Problem is an uptempo pop track with brilliantly polished production, some cool lyrics, and lovely singing.  The song opens with "Hey baby even though I hate you/ I wanna love you" and Ariana makes it clear she's not just some Nickelodeon alumni brat with mediocre talent. Iggy Azalea even drops a rap in the middle eight and it's burgeoning with sass and a cheeky homage to Jay Z. There are bound to be those who set her and peer Demi Lovato up for combat, however the two kid stars couldn't be further apart. As far as this song is concerned, Ariana doesn't need to worry about competition.


4 / 5

22 Jun 2014

Lana Del Rey - Ultraviolence Review: "She's emotionally bruised and beautiful..."

Lana Del Rey's Born To Die is a distinct 'debut' album that polarised opinions from critics. Some hailed her authenticity and emotive performance while others found her high pitched timbre and contradictory low gravelly jazz tones unpleasant. Both opinions aside, Born To Die went on to sell over 7 million copies worldwide and as incohesive and random as it is, it is one of the most intriguing albums to come out of 2012.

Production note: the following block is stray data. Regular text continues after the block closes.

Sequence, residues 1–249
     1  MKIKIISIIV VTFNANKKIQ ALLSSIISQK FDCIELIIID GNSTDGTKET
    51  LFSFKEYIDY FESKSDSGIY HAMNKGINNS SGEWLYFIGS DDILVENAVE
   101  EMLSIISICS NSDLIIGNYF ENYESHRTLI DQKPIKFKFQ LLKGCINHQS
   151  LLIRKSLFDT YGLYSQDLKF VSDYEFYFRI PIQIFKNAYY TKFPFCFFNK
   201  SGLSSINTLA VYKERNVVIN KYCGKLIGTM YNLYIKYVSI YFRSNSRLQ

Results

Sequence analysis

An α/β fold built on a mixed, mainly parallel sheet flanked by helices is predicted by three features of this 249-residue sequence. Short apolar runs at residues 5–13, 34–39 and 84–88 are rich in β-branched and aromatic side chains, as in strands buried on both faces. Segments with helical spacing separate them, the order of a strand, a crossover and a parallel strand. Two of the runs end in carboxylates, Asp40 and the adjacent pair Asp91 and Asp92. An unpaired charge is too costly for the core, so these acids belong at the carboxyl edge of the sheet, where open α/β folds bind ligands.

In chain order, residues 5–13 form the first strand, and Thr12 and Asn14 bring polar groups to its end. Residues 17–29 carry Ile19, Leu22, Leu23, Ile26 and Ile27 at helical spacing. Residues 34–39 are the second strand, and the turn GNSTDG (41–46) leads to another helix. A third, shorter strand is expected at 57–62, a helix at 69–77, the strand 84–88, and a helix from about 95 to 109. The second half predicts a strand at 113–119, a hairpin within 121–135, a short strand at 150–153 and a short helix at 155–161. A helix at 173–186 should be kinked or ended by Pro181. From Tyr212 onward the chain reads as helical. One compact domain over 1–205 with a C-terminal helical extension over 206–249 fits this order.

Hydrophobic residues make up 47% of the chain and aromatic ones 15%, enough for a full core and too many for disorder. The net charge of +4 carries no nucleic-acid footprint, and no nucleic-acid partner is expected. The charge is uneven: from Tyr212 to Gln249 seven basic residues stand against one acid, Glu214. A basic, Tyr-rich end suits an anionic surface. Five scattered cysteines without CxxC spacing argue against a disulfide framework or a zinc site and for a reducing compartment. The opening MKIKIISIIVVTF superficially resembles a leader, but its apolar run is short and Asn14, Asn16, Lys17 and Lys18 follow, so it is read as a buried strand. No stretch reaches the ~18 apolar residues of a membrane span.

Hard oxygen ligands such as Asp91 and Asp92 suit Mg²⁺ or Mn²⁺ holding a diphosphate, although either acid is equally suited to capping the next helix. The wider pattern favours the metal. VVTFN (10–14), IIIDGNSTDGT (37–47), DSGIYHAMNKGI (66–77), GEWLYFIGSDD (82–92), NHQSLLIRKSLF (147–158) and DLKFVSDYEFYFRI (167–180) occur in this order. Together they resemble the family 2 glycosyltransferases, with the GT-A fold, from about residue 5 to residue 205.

The problem with Born To Die is that it doesn't gel, dipping in and out of themes and identities so often that you never get a sense of who Lana Del Rey is. The beauty of songs such as Born To Die and Blue Jeans is countered by frustrating and forgettable tracks like Carmen and Million Dollar Man. What Lana needed to do was show us who she is, consistently. Thankfully, the identity she portrays on third studio album Ultraviolence is far more accessible, relatable and grounded than the retro noir mistress acted on her last. There's nobody better at portraying 'black and white classic' than Lana Del Rey and when you couple this with the production of Dan Auerbach (Black Keys) you have the starlet and the auteur. 

16 Jun 2014

Jessie Ware - Tough Love - "Jessie Ware is awesome."

5 / 5